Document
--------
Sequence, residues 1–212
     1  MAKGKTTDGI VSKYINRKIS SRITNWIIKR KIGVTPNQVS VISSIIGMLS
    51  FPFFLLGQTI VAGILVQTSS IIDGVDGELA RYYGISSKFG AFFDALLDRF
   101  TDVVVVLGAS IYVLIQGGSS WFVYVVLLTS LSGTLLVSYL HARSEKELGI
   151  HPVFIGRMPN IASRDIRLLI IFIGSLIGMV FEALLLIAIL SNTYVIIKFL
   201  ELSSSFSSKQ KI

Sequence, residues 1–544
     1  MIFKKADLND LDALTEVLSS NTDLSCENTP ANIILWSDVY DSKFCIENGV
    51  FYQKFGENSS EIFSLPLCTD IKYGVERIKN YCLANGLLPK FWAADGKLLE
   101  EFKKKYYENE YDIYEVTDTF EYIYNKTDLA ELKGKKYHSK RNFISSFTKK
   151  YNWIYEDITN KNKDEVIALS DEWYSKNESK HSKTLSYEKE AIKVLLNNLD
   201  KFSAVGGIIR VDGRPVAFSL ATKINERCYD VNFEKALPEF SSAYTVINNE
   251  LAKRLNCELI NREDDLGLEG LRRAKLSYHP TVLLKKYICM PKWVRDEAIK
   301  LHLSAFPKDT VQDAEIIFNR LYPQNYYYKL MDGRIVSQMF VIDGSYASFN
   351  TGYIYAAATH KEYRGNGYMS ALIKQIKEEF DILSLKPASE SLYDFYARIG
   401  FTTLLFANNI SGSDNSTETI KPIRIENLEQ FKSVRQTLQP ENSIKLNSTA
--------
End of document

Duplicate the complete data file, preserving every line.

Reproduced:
Sequence, residues 1–212
     1  MAKGKTTDGI VSKYINRKIS SRITNWIIKR KIGVTPNQVS VISSIIGMLS
    51  FPFFLLGQTI VAGILVQTSS IIDGVDGELA RYYGISSKFG AFFDALLDRF
   101  TDVVVVLGAS IYVLIQGGSS WFVYVVLLTS LSGTLLVSYL HARSEKELGI
   151  HPVFIGRMPN IASRDIRLLI IFIGSLIGMV FEALLLIAIL SNTYVIIKFL
   201  ELSSSFSSKQ KI

Sequence, residues 1–544
     1  MIFKKADLND LDALTEVLSS NTDLSCENTP ANIILWSDVY DSKFCIENGV
    51  FYQKFGENSS EIFSLPLCTD IKYGVERIKN YCLANGLLPK FWAADGKLLE
   101  EFKKKYYENE YDIYEVTDTF EYIYNKTDLA ELKGKKYHSK RNFISSFTKK
   151  YNWIYEDITN KNKDEVIALS DEWYSKNESK HSKTLSYEKE AIKVLLNNLD
   201  KFSAVGGIIR VDGRPVAFSL ATKINERCYD VNFEKALPEF SSAYTVINNE
   251  LAKRLNCELI NREDDLGLEG LRRAKLSYHP TVLLKKYICM PKWVRDEAIK
   301  LHLSAFPKDT VQDAEIIFNR LYPQNYYYKL MDGRIVSQMF VIDGSYASFN
   351  TGYIYAAATH KEYRGNGYMS ALIKQIKEEF DILSLKPASE SLYDFYARIG
   401  FTTLLFANNI SGSDNSTETI KPIRIENLEQ FKSVRQTLQP ENSIKLNSTA